According to ESPN’s Adrian Wojnarowski, the Pelicans’ Anthony Davis has informed the team that he won’t be signing a contract extension and is requesting a trade. This doesn’t come as a huge surprise, as New Orleans continues to fall short of being a contender despite having one of the game’s top-5 players.
With the Anthony Davis era in New Orleans seemingly coming to an end, the organization is now faced with a decision regarding its future—do they continue building without the player whom the franchise was built around, or do they blow it all up and start a rebuild.
In the last half decade NBA teams have grappled with this decision, and more and more teams are electing to hop off the treadmill of mediocrity and embrace a full blown tank-job. In light of the recent developments around Davis, the Pelicans would be wise to begin a Process-esque rebuild immediately. If they weren’t winning in the playoffs with AD, they aren’t winning now.
As Sixer fans know all too well, any good rebuild starts with a fire sale of any and all players of value; in other words, someone who might get in the way of losing. The Pelicans have a few players who fit that bill, but none more so than Jrue Holiday.
Considering he was the first domino to fall in The Process Era, Holiday should be familiar with the position he’s about the find himself in—the best player on a team that’s going nowhere fast. While the Pelicans’ plans in a post-AD world are still unclear, there would be little reason for them to hold onto a player who will likely be in his mid-to-late 30’s when the team is ready to compete again.
The value of Holiday to a current contender is ridiculously high. He produces at a high-level on both ends of the floor, yet he doesn’t demand touches or attention.
A recent profile from Zach Lowe describes Holiday as a selfless and committed leader in the locker room who relishes the challenge of slowing down the opposing team’s leading scorer—which is unsual for such a capable offensive player.
(Worth the read for NBA fans: What Jure Holiday wants and why it makes him special)
Look no further than his performance in last year’s first round sweep of Portland for proof of this. Holiday was able to use a combination of physicality and anticipation to suffocate Damian Lilliard into shooting 35% from the field and 30% from three, far below his season averages. His ability to clamp one of the league’s most explosive scorers for four games is, needless to say, a valuable trait to have come playoff time.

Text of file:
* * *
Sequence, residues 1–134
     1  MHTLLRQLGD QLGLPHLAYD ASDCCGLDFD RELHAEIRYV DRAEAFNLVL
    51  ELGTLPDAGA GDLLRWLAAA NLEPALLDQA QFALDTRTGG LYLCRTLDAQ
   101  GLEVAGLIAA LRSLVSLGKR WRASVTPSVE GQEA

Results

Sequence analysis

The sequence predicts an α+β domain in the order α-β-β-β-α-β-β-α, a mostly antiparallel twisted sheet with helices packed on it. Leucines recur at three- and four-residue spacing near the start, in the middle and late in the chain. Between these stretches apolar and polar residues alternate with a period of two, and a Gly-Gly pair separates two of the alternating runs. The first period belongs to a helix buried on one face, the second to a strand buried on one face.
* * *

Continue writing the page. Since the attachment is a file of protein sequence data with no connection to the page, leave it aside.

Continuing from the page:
Offensively, Holiday is one of the most versatile guards in the NBA with his ability to both lead an offense, and operate off-ball as both a shooter and a slasher. There are few players in the league who can seamlessly fit into any roster as well as Holiday can.
Adding someone like him would satisfy multiple needs for the team. He would provide a secondary ball-handler behind Simmons, and a more complete/dependable two-way wing as compared to Brewer, Shamet, or Korkmaz. The team currently lacks both of those things. While I’m a McConnell fan, his shortcomings are clear, and outside of Butler the offense still lacks players who can score off the wing and play consistent defense. Holiday is the rare player who can fill both of these needs at once.
On top of that, Holiday’s ability to guard the opposing team’s best player would take a lot of pressure off of Jimmy Butler. Not only would Jrue be able to handle this role when Jimmy’s off the floor, but his presence would allow Butler to switch more often and play more off-ball defense as a “free safety.”
What would we need to give up?
While there has been a lot of talk about Jrue being a player that is worth unloading Jimmy Butler for, I don’t think such a trade would involve Butler. For starters, a rebuilding Pelicans team would see absolutely no value in adding him considering his expiring contract. So even if there was truth to the rumors of friction between the Sixers and Butler, the Pelicans would be one of the last teams on a list of potential destinations.
More realistically, any trade would revolve around draft picks, and one of Fultz or Zhaire Smith. The Sixers have their own first round picks to trade along with the 2021 Miami pick and a Bulls’ 2019 second rounder that figures to be 31-35 overall (decent value).
Fultz and the 2021 Miami pick feel like our biggest assets right now (which says a lot about the job Colangelo has done) and I don’t think the team wants to trade both for a player like Jrue. Here are two possible trades I’m proposing:
The Sixers receive:
The Pelicans receive:
Both packages work for both sides, it really just comes down to how they value Fultz and their level of comfort with the 2021 Miami pick. Miami looks poised for a rebuild in the near future, but with the pick still three drafts away anything could happen.
I don’t know exactly what the trade market would look like for Holiday, but I have a hard time imagining someone offering much more than this considering his slightly high cap number at $26 million.
Still, with Holiday under contract for three more years and right in the middle of his prime it’s hard to deny that he’s the perfect piece for any contender to add on the wing. If the Pelicans elect for a fire sale then let’s hope the Sixers front office looks long and hard at the player who’s 2012 draft night trade kicked this whole Process thing off.